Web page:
Calm & Crisis | Black Cat | November 28, 2016
I was fortunate enough to catch D.C. post-punk act Calm & Crisis at the Black Cat on a cold rainy night. Though still a young band, they exude a brave confidence and a dark power not often found in growing acts. Calm & Crisis’ sound exists in the sonic realm of the tenth drink: confused anger, flashing lights, and self-loathing (oh the wonderful self-loathing). There’s an inexhaustible youth found in their songs, and it shined through in their performance.
Calm & Crisis work best at their most raucous and energetic. Opener “Moving Parts” an excellent example, in which sound blossomed into every corner of the bar, spilling over like stale beer. Drummer Jake Diamond hit every note with perfect speed, and vocalist Pete Bonaventure thrived while buried under the rolling sound waves, its rough edges carving through massive guitar riffs and thumping bass. As the final choruses culminated, the band recklessly and joyfully charged to its end.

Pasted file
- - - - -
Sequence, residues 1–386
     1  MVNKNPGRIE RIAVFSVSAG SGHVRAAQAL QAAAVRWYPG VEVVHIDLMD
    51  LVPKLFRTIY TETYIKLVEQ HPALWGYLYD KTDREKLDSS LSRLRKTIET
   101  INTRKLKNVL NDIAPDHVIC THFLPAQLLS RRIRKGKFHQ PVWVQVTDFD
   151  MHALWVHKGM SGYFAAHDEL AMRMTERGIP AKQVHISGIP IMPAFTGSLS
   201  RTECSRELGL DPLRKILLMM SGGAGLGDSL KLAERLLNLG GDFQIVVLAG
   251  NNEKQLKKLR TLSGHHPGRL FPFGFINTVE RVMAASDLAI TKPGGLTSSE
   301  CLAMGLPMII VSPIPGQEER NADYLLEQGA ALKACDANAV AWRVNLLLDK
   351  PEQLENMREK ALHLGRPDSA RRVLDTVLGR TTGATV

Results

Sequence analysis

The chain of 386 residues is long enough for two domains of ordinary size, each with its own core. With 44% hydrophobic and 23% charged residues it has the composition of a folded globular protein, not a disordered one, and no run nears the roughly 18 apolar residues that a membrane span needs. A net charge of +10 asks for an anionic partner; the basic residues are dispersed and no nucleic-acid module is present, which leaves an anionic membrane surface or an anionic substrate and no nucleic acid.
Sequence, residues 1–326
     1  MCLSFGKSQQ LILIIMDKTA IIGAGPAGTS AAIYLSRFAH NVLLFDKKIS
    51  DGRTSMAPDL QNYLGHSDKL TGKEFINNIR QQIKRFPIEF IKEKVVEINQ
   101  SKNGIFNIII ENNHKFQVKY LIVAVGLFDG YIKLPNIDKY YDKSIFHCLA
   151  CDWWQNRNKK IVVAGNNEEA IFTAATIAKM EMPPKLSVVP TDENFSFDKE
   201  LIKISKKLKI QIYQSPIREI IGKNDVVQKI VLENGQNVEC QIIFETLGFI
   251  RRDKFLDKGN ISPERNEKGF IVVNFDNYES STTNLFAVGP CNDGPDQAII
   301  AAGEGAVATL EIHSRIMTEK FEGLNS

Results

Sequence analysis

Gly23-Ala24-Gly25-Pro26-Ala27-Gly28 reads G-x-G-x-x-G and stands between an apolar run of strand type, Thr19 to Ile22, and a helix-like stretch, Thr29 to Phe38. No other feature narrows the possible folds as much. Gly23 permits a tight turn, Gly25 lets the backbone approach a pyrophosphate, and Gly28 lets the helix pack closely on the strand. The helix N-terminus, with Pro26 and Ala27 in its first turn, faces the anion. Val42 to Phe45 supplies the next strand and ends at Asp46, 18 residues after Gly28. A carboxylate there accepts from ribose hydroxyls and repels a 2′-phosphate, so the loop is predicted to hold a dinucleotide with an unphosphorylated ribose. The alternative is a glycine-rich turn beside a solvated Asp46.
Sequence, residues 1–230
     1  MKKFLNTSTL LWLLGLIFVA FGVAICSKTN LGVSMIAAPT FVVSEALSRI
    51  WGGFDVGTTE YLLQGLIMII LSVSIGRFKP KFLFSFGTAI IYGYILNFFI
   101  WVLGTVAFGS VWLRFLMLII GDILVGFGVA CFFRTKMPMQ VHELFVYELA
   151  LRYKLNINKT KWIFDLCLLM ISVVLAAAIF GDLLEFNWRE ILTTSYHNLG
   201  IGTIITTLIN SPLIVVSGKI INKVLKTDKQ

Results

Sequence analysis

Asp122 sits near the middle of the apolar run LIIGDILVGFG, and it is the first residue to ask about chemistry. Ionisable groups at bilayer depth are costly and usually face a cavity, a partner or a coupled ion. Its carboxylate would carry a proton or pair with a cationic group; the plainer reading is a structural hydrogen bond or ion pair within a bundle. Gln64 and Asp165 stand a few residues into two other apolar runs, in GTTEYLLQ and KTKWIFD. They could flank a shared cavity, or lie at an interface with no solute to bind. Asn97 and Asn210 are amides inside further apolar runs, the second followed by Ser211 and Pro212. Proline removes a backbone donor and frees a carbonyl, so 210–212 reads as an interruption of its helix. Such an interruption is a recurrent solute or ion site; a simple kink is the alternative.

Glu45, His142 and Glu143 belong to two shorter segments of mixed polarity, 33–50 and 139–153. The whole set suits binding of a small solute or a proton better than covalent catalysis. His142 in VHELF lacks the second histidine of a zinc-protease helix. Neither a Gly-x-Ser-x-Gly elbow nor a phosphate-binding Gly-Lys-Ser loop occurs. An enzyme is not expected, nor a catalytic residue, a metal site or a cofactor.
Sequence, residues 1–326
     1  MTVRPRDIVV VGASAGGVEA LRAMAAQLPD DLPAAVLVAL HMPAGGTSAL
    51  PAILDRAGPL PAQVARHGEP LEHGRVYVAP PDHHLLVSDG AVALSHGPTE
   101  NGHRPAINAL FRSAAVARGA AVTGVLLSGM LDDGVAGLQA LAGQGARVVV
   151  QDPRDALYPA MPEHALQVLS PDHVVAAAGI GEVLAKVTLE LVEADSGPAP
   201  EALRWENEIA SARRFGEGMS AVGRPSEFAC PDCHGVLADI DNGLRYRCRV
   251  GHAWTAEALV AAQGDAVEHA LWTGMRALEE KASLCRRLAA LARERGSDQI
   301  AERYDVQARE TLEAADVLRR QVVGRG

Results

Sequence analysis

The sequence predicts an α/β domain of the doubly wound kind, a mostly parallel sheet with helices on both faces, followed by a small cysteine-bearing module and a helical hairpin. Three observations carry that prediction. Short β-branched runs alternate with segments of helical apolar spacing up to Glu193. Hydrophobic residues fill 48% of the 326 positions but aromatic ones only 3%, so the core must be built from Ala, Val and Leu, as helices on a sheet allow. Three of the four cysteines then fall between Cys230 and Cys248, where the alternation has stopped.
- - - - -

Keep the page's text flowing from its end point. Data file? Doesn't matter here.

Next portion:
“Life of the Party” began as a slow-burn, the band trudging behind Pete’s off-kilter melodies. Though a welcome experimental shift, the song’s first few verses marked passivity atypical of Calm & Crisis’ usual hurricane thrill. “Cabernet Sauvignon” directly followed with its candlelit heartbreak and all, the perfect companion to “Life of the Party’s” dizziness—proving the band’s abilities to ream gentle melancholy from the darkest depths of whiskey's murky sorrows.
Something that’s remarkable about Calm & Crisis is their ability to be menacingly fun, proved by their deployment of a fantastically-timed “All Star” cover after a jammy new composition. The band fell back into a steady groove for the remainder of the show, reserving a cover of crowd favorite “Blister in the Sun” as their encore. There's something inexplicable about the healing power of still-ringing ears-- Calm & Crisis hit that nerve perfectly.
Listen to Calm & Crisis’ debut album on Bandcamp!
Written by Jonathan Koven